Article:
Media’s War Lies
By Ralph Peters
New York Post | 4/18/2008
LIKE many Americans, I get angry at biased “reporting” about Iraq and the spin from dishonest pundits. Usually, I get over it quickly, since my expectations of the media are pretty low. But sometimes a Big Lie just won’t let go. And the lefty lie that the Iraqi military is a hopeless failure must be answered.
Yes, we all know that left-wing media outlets, such as the dying New York Times, need Iraq to fail to redeem their credibility. They’ll do all they can to dismiss any sign of progress.
But the perverted gloating over recent Iraqi military operations in Basra combines willful ignorance of military affairs with a shameless manipulation of the facts. Yes, some local Iraqi police and new military recruits ran away. But that was all that the media reported.
Where was the coverage of the 95 percent of the Iraqi security forces who did their duty? Some fought superbly. The Iranian-backed gangs and militias took a beating.
Muqtada al Sadr – not the central government – asked for a cease-fire. The Iraqi military remains in Basra, still pushing (and freeing the occasional kidnapped journalist). The government now has a presence where lawlessness prevailed – and it took control of Basra’s vital port facilities, the country’s economic lifeline.
But all we continue to hear about is the one Iraqi cop or soldier in 20 who ran away.
OK, consider our own military history – which isn’t short of ultimate victories:
* During the American Revolution, George Washington repeatedly had trouble with troops fleeing the battlefield and with desertions. Militias remained unreliable all through the war. Yet, we defeated the British – a global power – in the end.
* In the War of 1812, American troops broke again – and more than once. Yet, at the war’s conclusion, it was redcoats seasoned in the Napoleonic Wars who fled from the US Army’s “Cottonbalers” at New Orleans.
* In the Mexican-American War, Gen. Winfield Scott’s march on Mexico City was the most brilliant campaign ever fought by American troops – yet, earlier in the conflict, an entire troop of US Cavalry (new immigrants) deserted to the Mexican side. That’s why there’s never a J or Juliet troop in a US Cavalry regiment.
* After a few hours of fierce fighting, the Union Army broke at Bull Run, fleeing in panic at the start of our Civil War. Even two years later, when the Army of the Potomac was well on its way to becoming the first great industrial-age force, the XI Corps – more than 10,000 men – disintegrated when surprised by Stonewall Jackson at Chancellorsville. Guess who won the Civil War, anyway?
* As other writers have noted in regard to Basra, the green US forces in North Africa in WWII fell apart when struck by Rommel’s Afrika Korps at Kasserine Pass. At Vossenack Ridge, two years later, US troops cracked under heavy shelling and ran again. Guess who won that war, too?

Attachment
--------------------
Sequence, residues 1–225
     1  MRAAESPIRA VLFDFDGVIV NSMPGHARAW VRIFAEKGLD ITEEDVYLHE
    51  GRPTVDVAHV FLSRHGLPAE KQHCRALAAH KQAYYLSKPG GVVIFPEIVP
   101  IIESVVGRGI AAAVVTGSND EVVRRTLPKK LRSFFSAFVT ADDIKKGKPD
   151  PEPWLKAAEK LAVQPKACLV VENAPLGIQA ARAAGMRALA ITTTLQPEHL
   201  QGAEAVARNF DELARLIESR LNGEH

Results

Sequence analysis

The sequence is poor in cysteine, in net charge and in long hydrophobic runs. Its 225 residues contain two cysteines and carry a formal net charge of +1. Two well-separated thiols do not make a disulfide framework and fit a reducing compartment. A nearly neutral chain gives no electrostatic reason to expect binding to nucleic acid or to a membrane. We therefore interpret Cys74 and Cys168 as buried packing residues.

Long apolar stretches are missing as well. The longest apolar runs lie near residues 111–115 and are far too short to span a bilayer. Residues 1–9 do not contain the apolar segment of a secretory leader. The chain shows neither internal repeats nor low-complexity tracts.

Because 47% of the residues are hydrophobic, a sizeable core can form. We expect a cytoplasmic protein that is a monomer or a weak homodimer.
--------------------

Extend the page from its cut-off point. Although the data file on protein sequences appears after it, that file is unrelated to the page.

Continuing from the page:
* At the outset of the Korean War, the US Army’s Task Force Smith collapsed as it was overwhelmed by North Koreans. But we came back with a vengeance. Should we have just quit?
And should we demand more of the Iraqis, who have so many internal obstacles to overcome, than we ourselves could deliver in the past?
Few battles have perfect outcomes. No wars do. Not all soldiers will measure up. And no human endeavor is more complex than warfare.
Soldiers break and run in three basic circumstances: when they’re new and are asked to do too much too soon; when they’re surprised; or when they’re ground down to the breaking point by overwhelming odds.
Show me one country whose troops have never fled a battlefield – I can’t find any.
In the past, when we still honored military service, even the literary set understood that wars are fought by fallible human beings. Stephen Crane’s American classic, “The Red Badge of Courage,” is about a young soldier who runs away in terror from his first taste of combat – yet returns to fight bravely later on.
The Iraqi military, which now has 190,000 troops in uniform, is getting along pretty well by historical standards. These troops are taking responsibility for their own country, allowing us to do less and less of the fighting and dying. Yes, they’ll need our help for a while yet – but we needed the “technologically superior” French to help us get to Yorktown.
Meanwhile, why don’t the noisiest critics of the situation in Iraq, from the Times’ silly Frank Rich to Sen. Barack Obama, go to Iraq to see things for themselves?
Are they afraid?
If so, they really shouldn’t question the courage of others or mock their sacrifices.
I’ve always admitted that Iraq could fail. Despite real, measurable progress, that remains the case. I only wish that those on the left would have the integrity to acknowledge that Iraq also has a chance to succeed.